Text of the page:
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This collection, digitized in collaboration with the Michigan Daily and the Board for Student Publications, contains materials that are protected by copyright law. Access to these materials is provided for non-profit educational and research purposes. If you use an item from this collection, it is your responsibility to consider the work's copyright status and obtain any required permission.

December 19, 1912 - Image 2

Resource type:
Text
Publication:
The Michigan Daily, 1912-12-19

Disclaimer: Computer generated plain text may have errors. Read more about this.

THE MICHIGAN DAILY

Select your Fall or Winter

Suit from the

largest line in the city.

Dress Suits a specialty

. H.

Wild

Co.

Tailors and Importers
311 South State Street

mmmmm on

Holiday Good's
We have the finest line o, Christmas Cards in the city.
MAGAZINI& SUBSCRIPTIONS
At the lowest club rates
PRIVATE CHRISTMAS CARDS
With your Initials and Address
Leave your orders new at

THE fICHIOAN DAILY1
Official newspaper at the University of Mich-1
igan.
Published every morning except Monday dur-
ing the university year.'
Entered at the post-office at Ann Arbor, Mich-
igan, under Act of Congress of March 3,
1879.
Offices: Second floor, Ann Arbor Press Build-
ing, Maynard Street.
Office Hours. Editor-i to 3 p. in.; 7 to to
p. in. Business Manager-: to 3 p. in.
Subscription Price: By carrier, $2.50; by mail,
$3.00.
Want Ad Stations: Press Building; Quarry's
Pharmacy; University Pharmacy; Davis
and Konald's Confectionary Store.
Phones: Bell and Home, 960.
Frank Pennell............Managing Editor
Joseph Fouchard----------Business Manager
Maurice Toulme..............News Editor
C. Harold Hippler........... .Assistant
Karl Matthews............Athletic Editor
G. C. Eldredge ................. Assistant
i ohn Townley............Music and Drais
laude Edwards........ ..Women
Harold B. Abbott................ Cartoonist
EDITORIALS
Harold G. McGee Louis P. Haller
Howell Van Auken Maurice Myers
R. Emmett Taylor........Edwin R. Thurston
NIGHT EDITORS
H. Beach Carpenter . Fred B. Foulk
Morton R. Hunter ...........Morris Milligan
BruceJ. Miles.........Ernest R. Burton
Lester F. Rosenbaum..David D. H1unting

that it may be excellent in any legit-
imate and worthy walk of life. Grace-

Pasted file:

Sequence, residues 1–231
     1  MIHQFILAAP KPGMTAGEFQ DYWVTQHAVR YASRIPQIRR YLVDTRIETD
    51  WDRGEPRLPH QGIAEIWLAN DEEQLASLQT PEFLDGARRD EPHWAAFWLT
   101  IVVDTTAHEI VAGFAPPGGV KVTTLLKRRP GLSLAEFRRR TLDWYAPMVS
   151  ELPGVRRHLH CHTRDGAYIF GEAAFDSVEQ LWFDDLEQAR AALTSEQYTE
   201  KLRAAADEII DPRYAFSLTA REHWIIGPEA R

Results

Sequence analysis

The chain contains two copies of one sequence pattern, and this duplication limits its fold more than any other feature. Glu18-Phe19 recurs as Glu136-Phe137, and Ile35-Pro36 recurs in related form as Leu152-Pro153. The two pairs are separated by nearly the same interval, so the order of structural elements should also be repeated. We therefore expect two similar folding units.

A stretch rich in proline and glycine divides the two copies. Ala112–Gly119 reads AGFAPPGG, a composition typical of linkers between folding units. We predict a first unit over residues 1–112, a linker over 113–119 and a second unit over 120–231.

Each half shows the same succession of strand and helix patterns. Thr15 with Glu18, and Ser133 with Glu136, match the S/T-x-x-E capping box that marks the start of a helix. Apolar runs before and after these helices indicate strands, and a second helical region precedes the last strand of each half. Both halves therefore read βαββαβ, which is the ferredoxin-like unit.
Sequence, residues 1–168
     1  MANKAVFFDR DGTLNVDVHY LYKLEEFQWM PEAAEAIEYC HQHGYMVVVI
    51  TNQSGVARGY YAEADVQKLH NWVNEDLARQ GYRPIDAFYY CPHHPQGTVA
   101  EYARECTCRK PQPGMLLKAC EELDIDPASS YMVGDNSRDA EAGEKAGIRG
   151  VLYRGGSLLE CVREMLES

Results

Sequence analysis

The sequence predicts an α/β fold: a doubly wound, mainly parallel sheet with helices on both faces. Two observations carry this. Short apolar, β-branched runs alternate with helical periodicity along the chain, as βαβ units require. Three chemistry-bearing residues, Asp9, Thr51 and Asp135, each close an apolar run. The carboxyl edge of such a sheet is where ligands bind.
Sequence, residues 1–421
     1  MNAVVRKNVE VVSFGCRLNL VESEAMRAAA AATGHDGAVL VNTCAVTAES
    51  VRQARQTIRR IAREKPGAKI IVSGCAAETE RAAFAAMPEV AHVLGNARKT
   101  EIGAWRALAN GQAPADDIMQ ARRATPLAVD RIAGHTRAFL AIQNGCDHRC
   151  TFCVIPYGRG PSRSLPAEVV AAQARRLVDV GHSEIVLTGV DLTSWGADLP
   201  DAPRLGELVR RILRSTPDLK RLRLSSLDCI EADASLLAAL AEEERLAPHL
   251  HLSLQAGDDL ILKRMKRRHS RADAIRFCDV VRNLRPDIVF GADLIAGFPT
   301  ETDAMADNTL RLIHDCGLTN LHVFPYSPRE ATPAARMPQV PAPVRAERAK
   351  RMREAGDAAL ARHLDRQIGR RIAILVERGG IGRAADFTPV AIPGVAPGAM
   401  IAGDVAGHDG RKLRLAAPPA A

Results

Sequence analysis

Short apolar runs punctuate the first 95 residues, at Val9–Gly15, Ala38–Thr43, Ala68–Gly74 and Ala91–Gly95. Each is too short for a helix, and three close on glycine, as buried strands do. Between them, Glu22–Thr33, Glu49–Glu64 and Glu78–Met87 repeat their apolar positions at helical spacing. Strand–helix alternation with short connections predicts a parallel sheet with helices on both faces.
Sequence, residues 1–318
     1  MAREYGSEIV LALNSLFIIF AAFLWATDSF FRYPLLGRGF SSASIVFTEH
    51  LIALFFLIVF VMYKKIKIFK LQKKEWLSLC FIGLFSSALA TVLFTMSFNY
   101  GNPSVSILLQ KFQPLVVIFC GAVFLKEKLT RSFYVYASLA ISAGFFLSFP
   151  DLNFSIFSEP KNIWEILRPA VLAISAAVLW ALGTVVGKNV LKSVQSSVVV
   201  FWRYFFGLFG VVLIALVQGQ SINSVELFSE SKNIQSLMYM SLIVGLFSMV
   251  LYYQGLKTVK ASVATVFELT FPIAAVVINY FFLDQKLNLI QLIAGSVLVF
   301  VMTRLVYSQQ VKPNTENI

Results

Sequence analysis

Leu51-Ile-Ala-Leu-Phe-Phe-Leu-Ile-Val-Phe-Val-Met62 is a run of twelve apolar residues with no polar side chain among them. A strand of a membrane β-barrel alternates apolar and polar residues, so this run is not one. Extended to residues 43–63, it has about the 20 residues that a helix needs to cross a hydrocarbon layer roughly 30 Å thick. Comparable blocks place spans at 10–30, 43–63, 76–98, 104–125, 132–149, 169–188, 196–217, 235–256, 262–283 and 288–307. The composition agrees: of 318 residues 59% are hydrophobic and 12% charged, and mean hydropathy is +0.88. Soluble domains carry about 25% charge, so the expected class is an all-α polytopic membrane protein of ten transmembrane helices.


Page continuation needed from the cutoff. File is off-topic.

ful manners, fashionable clothes and
a haughty aloofness in the presence
of others will no longer distinguish a
man as a gentleman. The valet is of-
ten better dressed than the master.

Student's 3
Sheeh n-Is , Bookstore

B 500 KS Holiday Editions
for ChrisImas Cifts
BEAUTIFULLY ILLUSTRATED BOOK$ OF
Fiction, Biography and Travel
Christmas, Cards, Calendars and Novelties
THE MICHIGAN CALENDAR 1913--25c

r

THE SEASON
For balls, dinners, theatre par-
ties, etc., is here. Perhaps you
have grown too STOUT for your
evening clothes; perhaps t o o
SLIM; perhaps they are WORN
OUT, and perhaps you HAVEN'T
ANY. Come on in.
Dieterle
TAILOR Liberty Street
(Copyrighted)

REPORTERS
Leonard AL. Rieser......... Harold P. Scott
Leo Burnett............:.. Fenn H1. Hossick
F. M. Church ...............Carlton Jenks
Charles S. Johnson ............C. 1I. Lang
Bernus E. Kline ............ J. R. Kistner
Will Shafroth........Henry C. Bogle
F. F. M tKinney......... G. S. Johnston
W. R. Melton.........Ralph IE. Cunningham
Y. F. Jabin Hsu ............I1. ,. Rummel
Frank E. Kohler......... Herman Pomper
BUSINESS STAFF
A. R. Johnson, Jr...........Advertising Mgr.
Emerson Smith ...........Accountant
Laurence D. Bartlett.......C.Circulation Mgr.
Sherwood Field.............. John Leonard
Harry E. Johnson
THURSDAY, DECEMBER. 19, 1912.
Night Editor-F. M. Church.

B

U

s

BEE

DON'T FORGET IT!

SAY IT

AGAIN!

His choice of language, if not his
accent is infinitely more punctillious.
One really cannot afford to be snob-
bish. In every person there is some